During the eighteenth century, political uncertainty and economic instability characterized colonial life and diverted devout Puritans from religious obligations.
Individual morals declined as Puritans within the community turned increasingly to Arminianism, the belief that preparation for heaven was easily managed and therefore less important, to justify their participation in secular affairs. The supporters of the Awakening pointed to the apparent collapse of Puritan values to explain the need for revival. Nomadic preachers succeeded in converting hundreds of unregenerate Puritans and increasing church membership throughout the colony. The Great Awakening witnessed a revival of outward conversions which occurred in three stages: the recognition of sin accompanied by fear, distress, or anxiety, a further dependence upon God's mercy, and, finally, a relief from distress characterized by euphoric emotion.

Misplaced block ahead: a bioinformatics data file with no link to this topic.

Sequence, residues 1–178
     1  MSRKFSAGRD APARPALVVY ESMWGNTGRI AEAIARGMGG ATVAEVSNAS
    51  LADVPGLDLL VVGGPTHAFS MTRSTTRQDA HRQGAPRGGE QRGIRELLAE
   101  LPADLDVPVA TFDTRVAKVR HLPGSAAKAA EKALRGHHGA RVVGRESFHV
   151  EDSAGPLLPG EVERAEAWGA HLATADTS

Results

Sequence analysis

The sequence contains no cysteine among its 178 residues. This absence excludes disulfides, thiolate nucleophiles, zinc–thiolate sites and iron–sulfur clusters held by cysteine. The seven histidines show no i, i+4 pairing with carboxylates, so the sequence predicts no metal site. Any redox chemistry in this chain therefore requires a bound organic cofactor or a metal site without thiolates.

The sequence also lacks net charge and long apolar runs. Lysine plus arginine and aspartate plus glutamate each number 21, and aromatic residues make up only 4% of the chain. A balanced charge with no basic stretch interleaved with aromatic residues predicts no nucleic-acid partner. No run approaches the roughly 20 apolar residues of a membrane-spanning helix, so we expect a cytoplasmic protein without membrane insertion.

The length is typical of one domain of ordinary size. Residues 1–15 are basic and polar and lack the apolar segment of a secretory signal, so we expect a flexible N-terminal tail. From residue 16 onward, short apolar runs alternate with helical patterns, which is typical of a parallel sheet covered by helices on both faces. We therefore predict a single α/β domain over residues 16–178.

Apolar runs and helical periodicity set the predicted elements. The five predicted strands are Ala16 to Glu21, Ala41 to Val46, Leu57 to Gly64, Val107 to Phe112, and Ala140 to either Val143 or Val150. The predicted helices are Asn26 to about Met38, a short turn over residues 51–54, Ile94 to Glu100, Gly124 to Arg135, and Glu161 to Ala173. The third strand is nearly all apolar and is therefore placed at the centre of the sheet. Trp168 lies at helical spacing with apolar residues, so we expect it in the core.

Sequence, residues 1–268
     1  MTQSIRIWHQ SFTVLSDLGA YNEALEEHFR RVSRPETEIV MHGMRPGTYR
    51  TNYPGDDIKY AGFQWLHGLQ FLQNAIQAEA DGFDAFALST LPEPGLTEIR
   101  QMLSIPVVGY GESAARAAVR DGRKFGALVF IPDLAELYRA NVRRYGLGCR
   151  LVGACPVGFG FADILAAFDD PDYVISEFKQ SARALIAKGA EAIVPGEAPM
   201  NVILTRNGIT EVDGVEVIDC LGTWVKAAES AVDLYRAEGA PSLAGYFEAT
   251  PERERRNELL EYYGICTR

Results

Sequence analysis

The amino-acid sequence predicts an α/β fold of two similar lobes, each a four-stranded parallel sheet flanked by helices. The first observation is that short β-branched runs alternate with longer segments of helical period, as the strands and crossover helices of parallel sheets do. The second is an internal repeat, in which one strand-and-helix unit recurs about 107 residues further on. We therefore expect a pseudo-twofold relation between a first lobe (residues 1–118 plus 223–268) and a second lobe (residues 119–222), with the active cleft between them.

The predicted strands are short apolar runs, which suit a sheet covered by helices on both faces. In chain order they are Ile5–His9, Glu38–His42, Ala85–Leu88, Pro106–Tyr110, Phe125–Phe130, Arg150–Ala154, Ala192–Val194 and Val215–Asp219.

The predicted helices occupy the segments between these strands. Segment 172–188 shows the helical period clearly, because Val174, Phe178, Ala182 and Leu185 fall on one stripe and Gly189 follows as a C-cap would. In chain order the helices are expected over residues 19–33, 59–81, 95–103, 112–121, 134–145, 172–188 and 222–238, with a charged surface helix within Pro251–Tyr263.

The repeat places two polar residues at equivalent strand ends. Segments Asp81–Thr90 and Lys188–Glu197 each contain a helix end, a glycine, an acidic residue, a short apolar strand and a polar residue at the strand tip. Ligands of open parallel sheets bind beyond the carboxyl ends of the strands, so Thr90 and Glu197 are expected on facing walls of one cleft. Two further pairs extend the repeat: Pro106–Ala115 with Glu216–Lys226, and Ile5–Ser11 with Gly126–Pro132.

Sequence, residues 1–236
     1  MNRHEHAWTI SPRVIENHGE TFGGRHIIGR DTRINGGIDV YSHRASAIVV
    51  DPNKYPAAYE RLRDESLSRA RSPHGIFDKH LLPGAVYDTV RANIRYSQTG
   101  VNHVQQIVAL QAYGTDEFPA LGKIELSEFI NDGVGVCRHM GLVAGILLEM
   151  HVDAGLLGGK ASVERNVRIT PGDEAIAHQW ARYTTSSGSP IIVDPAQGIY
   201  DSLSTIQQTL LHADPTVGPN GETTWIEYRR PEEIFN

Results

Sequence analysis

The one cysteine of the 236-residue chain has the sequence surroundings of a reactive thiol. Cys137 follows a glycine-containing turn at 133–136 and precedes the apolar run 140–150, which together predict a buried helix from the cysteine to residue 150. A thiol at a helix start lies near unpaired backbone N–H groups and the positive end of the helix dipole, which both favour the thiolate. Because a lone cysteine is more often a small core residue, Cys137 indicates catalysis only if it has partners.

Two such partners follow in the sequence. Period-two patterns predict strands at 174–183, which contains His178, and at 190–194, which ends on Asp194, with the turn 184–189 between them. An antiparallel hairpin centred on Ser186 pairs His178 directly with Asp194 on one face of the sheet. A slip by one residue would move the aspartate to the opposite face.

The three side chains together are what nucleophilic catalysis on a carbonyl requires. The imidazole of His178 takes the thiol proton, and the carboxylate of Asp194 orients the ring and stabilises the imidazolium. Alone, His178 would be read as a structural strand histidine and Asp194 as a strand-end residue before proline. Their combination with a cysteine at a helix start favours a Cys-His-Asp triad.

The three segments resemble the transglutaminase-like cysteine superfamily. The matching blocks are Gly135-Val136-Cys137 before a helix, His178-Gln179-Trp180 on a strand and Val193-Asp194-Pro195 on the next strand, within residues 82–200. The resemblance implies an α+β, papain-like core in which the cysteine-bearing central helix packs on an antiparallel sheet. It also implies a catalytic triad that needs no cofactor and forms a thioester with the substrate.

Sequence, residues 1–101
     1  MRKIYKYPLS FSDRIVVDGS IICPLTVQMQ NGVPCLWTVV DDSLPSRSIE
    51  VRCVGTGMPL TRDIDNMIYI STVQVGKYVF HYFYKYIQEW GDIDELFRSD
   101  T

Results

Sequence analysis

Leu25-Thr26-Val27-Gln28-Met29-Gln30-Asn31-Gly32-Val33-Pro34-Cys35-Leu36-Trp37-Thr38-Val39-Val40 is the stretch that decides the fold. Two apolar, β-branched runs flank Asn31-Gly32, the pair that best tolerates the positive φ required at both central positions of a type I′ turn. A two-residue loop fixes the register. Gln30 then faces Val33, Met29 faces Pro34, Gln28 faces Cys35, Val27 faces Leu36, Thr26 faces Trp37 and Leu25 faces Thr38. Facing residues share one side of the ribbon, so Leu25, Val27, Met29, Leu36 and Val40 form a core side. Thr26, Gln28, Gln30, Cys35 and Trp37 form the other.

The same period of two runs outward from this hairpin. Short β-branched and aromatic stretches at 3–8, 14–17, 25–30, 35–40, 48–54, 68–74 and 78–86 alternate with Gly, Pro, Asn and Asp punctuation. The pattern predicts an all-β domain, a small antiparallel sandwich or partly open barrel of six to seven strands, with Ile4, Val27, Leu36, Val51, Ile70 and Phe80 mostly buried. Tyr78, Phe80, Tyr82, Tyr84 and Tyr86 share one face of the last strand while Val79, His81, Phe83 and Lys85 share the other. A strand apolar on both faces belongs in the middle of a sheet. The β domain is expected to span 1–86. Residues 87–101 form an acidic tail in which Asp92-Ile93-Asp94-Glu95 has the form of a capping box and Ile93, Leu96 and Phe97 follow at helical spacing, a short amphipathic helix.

Influenced by Enlightenment Rationalism, critics of the revival argued for a rational interpretation of the Bible. One of the underlying issues of the Awakening was whether or not conversions were indeed a manifestation of the Holy Spirit upon God's chosen people or whether the emotional outbursts were merely expressions of deep human sentiment. Because the Congregational Church dominated all aspects of colonial life